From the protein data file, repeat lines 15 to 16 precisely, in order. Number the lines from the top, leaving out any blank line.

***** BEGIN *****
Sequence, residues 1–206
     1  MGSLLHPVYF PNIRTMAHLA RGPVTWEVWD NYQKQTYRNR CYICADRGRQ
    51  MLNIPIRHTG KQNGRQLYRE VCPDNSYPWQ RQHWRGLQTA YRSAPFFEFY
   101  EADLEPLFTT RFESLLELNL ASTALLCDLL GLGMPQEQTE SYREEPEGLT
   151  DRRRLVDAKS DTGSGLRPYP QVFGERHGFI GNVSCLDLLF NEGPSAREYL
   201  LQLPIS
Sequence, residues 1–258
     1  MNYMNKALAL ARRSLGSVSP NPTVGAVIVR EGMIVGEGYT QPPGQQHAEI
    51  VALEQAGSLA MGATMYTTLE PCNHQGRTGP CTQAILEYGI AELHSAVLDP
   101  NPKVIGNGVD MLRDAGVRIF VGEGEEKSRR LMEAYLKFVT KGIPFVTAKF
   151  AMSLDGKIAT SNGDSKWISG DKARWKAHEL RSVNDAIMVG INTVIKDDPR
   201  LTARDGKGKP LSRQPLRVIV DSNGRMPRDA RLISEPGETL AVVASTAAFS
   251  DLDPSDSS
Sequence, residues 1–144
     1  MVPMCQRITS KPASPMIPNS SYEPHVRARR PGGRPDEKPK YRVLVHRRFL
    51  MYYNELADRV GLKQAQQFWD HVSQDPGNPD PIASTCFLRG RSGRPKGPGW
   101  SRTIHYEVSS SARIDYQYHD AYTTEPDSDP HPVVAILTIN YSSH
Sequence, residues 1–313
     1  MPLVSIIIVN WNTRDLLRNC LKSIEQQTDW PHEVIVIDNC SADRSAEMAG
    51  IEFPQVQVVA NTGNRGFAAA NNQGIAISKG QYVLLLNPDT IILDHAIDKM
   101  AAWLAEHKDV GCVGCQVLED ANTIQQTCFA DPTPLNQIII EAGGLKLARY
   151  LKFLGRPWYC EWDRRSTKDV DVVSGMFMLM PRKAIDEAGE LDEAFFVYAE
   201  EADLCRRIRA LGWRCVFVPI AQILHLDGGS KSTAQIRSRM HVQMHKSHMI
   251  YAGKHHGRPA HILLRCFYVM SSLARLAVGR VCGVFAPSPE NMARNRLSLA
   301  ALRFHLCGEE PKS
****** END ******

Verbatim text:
     1  MVPMCQRITS KPASPMIPNS SYEPHVRARR PGGRPDEKPK YRVLVHRRFL
    51  MYYNELADRV GLKQAQQFWD HVSQDPGNPD PIASTCFLRG RSGRPKGPGW